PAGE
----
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Friday, July 28, 2017
Inherited Disorders and Birth Defects
Balanced reciprocal translocation of 2;6
My daughter was born with a balanced reciprocal translocation between the long arm of one chromosome 2 and the short arm of one chromosome 6. There is nothing extra and nothing missing. Upon further testing we found out that my husband is a carrier and apparently has the exact same balanced translocation. I was wondering if there were any studies done in children after birth to determine what exactly this means or what obstacles she may encounter in life, if any. At the present time she is a healthy 2 1/2 year old with advanced vocabulary and learning skills. Thank you
Your daughter and husband have what is called a reciprocal balanced translocation which happens when two different chromosomes brake and exchanges pieces of chromosome material and no chromosomal material is missing or added. In your family’s case, that is between chromosome 2 and 6. If all of the chromosomal material is present, although rearranged, you would expect that person to have no problems due to the balanced translocation - this is the case for your husband. Because your daughter inherited the same translocation from her father, you would also expect that there would be no health or developmental problems due to the translocation. If your daughter is healthy and developing normally at this time, you would not expect any health problems arising due to the translocation.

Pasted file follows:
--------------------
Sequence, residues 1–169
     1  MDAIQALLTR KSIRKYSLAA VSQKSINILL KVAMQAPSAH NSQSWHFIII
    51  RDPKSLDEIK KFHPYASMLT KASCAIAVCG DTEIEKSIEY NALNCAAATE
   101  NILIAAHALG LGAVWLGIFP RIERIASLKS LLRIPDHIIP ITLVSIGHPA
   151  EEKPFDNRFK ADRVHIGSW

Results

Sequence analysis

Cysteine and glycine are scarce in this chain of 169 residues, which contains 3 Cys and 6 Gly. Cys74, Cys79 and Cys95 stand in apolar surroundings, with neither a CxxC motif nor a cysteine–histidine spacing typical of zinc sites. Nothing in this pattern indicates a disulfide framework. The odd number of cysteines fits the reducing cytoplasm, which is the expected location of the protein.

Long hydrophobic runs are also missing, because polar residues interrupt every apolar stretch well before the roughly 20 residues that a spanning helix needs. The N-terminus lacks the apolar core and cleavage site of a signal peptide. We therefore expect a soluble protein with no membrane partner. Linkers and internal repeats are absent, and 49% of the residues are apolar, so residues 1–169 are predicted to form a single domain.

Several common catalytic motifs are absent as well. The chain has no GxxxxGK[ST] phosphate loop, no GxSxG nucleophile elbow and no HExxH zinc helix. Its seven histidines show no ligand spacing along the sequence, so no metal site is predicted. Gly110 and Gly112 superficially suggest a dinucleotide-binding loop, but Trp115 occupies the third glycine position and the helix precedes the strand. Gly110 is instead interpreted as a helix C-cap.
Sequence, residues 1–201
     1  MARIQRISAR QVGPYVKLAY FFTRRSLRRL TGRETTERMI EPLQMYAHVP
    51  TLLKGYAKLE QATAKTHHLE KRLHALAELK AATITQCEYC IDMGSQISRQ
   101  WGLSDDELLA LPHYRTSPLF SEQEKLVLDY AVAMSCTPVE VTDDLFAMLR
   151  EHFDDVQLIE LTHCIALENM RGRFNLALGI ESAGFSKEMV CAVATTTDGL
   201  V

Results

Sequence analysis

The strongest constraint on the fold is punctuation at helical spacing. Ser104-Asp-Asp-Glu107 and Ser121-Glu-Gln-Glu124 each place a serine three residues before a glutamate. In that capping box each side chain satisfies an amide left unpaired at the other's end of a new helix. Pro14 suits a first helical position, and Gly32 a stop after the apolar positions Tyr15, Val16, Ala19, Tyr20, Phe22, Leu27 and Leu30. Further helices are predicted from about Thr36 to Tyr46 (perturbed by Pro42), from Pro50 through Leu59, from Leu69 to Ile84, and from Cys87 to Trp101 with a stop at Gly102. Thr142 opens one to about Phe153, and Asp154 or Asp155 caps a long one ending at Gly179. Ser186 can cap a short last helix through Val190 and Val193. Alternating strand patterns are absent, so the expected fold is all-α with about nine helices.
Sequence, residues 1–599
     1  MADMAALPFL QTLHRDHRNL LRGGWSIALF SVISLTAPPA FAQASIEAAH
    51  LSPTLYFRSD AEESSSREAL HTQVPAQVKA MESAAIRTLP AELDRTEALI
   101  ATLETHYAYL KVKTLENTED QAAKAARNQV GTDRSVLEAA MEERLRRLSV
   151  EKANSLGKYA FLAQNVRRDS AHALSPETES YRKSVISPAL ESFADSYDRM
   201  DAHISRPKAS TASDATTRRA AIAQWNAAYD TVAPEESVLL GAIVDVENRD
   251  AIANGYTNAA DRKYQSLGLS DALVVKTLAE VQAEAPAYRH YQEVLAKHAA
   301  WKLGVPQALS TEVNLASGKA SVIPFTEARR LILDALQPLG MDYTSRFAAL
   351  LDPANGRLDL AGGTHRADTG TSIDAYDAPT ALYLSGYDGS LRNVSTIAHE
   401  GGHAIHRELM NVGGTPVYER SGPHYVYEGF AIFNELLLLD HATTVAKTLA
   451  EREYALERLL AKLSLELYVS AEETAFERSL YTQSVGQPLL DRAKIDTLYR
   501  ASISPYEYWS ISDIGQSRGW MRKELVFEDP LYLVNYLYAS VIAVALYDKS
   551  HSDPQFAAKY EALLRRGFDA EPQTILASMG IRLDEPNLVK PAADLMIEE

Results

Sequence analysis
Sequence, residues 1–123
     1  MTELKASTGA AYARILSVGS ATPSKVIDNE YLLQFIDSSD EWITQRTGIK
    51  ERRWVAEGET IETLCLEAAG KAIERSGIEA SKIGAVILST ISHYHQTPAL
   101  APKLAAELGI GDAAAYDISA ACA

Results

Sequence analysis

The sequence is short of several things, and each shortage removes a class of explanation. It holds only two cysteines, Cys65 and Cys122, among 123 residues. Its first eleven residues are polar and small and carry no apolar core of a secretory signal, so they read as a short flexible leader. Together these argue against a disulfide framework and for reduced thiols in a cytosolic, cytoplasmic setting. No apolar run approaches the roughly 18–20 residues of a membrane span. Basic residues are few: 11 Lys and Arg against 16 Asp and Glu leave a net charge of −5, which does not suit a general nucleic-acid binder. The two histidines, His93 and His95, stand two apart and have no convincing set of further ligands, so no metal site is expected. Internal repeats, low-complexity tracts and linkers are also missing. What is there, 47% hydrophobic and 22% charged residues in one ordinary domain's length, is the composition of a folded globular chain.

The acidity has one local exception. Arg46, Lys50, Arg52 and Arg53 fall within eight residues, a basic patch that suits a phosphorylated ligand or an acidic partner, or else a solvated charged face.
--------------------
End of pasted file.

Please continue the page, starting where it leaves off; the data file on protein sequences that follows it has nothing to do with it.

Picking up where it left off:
However, for you and your husband if you have additional children as well as for your daughter, there is a risk of passing on an unbalanced rearrangement (where chromosomal material is deleted (missing) or duplicated (added). This situation can lead to problems.
In theory, there is a 25% chance that the gametes (eggs or sperm) that the mom or dad produces – will have a normal chromosome complement, a 25% chance that the egg or sperm will have the balanced translocation (like your husband and daughter) and a 50% chance that the egg or sperm would produce an unbalanced chromosome complement. Usually the eggs or sperm that produce an unbalanced complement are miscarried or cause birth defects, mental retardation and other problems.
I would recommend that you speak to a genetic counselor if you consider having additional children to re-discuss your chances of having a pregnancy with an unbalanced chromosomal translocation. When your daughter gets to child bearing age, she also should talk to a genetic counselor to discuss her chances of miscarriage or having a pregnancy with an unbalanced translocation.
Anne Matthews, RN, PhD
Associate Professor of Genetics
School of Medicine
Case Western Reserve University